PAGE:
Selected field experiences were presented by (1) Mr. Manuel Cárdenas, president of Fundación Momentum Internaciónal (FMI) of Quito, Ecuador, which is implementing agent for a Voluntary Fund-assisted project on training and production of appropriate and affordable wheelchairs in Ecuador; and (2) Dr. Bouali Chakor-Djelthia, president, and Ms. Edith Vanneuville-Zerouki, senior consultant, of Agence de Coopération Internationale pour L'intégration économique et sociale des Personnes Handicapées (ACIPH) of Montréal, Québec, Canada, which was the co-operating agent with Government of Mali for the Voluntary Fund-assisted "Western Africa regional seminar on microcredit and accessible financial services for people with disabilities (Bamako, 26-30 October 1998)".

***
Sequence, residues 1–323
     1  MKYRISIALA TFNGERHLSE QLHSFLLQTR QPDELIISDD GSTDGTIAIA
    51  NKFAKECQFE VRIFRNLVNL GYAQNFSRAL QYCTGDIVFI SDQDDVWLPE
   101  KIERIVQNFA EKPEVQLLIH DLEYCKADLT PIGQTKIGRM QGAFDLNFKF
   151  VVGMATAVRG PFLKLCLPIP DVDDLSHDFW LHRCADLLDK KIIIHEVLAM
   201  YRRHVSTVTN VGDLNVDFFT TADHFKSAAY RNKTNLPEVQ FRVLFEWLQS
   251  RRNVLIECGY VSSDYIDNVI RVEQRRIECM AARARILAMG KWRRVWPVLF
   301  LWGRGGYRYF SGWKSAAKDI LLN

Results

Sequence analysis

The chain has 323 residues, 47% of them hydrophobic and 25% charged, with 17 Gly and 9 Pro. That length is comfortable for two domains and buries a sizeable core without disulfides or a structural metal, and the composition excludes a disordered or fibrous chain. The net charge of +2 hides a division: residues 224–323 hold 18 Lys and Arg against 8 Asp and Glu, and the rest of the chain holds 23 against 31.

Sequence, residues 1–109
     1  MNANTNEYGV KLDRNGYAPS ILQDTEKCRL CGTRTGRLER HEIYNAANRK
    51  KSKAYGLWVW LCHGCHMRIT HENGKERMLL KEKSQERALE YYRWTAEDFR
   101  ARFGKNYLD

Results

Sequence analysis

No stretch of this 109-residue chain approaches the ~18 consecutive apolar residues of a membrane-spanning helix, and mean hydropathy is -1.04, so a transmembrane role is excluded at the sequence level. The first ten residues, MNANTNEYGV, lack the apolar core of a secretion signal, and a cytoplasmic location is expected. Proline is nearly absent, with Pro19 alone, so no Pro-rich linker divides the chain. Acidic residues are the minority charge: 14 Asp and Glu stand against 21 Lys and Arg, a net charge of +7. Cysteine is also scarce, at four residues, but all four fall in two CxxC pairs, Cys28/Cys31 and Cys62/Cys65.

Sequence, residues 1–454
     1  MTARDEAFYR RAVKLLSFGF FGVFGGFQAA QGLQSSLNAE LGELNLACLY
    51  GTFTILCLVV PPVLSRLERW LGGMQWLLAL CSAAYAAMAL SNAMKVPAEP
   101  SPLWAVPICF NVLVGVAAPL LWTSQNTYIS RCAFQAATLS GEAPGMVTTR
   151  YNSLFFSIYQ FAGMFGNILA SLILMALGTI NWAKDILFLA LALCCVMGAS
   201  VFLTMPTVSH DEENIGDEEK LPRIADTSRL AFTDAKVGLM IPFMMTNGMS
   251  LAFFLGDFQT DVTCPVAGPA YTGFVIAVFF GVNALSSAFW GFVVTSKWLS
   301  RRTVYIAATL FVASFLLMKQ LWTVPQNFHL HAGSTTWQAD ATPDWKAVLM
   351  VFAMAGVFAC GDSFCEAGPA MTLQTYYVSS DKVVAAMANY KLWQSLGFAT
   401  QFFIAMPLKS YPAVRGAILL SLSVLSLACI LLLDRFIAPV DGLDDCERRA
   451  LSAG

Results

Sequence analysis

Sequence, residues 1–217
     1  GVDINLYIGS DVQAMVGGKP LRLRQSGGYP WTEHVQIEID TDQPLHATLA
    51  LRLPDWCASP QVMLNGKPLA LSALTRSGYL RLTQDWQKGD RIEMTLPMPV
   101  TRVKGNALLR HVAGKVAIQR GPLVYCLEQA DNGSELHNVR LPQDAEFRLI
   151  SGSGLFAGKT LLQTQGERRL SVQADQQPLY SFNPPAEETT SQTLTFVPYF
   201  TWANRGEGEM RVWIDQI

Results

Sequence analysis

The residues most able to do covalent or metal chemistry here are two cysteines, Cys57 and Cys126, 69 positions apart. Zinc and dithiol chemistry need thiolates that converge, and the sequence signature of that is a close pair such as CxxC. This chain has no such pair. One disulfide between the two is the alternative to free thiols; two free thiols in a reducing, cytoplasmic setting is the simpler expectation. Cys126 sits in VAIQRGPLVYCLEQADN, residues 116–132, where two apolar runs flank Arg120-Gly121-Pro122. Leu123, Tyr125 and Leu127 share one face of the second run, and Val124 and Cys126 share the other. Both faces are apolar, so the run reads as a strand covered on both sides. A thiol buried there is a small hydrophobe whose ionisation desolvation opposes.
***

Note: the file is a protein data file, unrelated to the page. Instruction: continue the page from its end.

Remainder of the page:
Sr. Cárdenas was joined in his presentation by Mr. Sott Hollonbeck, Chairman of the Board, Fundación Momentum Internaciónal (a non-governmental organisation). Sr. Cárdenas discussed the need for capacity building for self-reliant design, manufacture and repair of mobility devices in Ecuador, where prior to the FMI project all wheelchairs were imported. Technology transfers, provision of small-scale credit and institutional development each had an important role to play in that process. With assistance from the Government of Ecuador and a grant from the United Nations Voluntary Fund on Disability for staff training, FMI opened in December 1997 a "Wheelchair Production Facility" at Quito. The Facility both produces wheelchairs appropriate to conditions in Ecuador and trains national personnel in wheelchair design, production and repair. To promote awareness of the role of mobility in promoting self-reliance of persons with disabilities, FMI joins with the Special Olympics Committee of Ecuador and the Fundación Ecuatoriana de Educación y Rehabilitación de Discapacitados (FEDEREDIS) to organise sports and persons with disabilities training workshops, sports clinics and competitions on 3 December, the International Day of Disabled Persons. Mr. Hollonbeck commented on the role of sports as a vehicle to promote wellness and self-esteem among persons with disabilities. An innovation in the 1998 sports and persons with disabilities event was introduction of workshops and clinics on health and nutrition and persons with disabilities. Commenting on the strategy to promote wheelchair production in Ecuador, Mr. Hollonbeck noted that a major concern was to produce a reliable and affordable chair that could compete with both imported and donated wheelchairs. To speed the process of developing a core group of wheelchair production specialists the Facility was assisted by a technology transfer agreement with the Eagle Sports Chairs Corp. (USA) that trained a team of Ecuadorian specialists. In Quito, training at the Facility includes technical wheelchair design and production, business management and marketing. During 1998 the Facility successfully produced 12 new wheelchair designs. The Facility markets its wheelchairs in association with people with disabilities to create employment opportunities. It is expected that a total of 16 sales and service centres will be established throughout Ecuador during 1999. Wheelchairs are priced and sold under a small-scale loan scheme appropriate to the economic means of people who need mobility devices.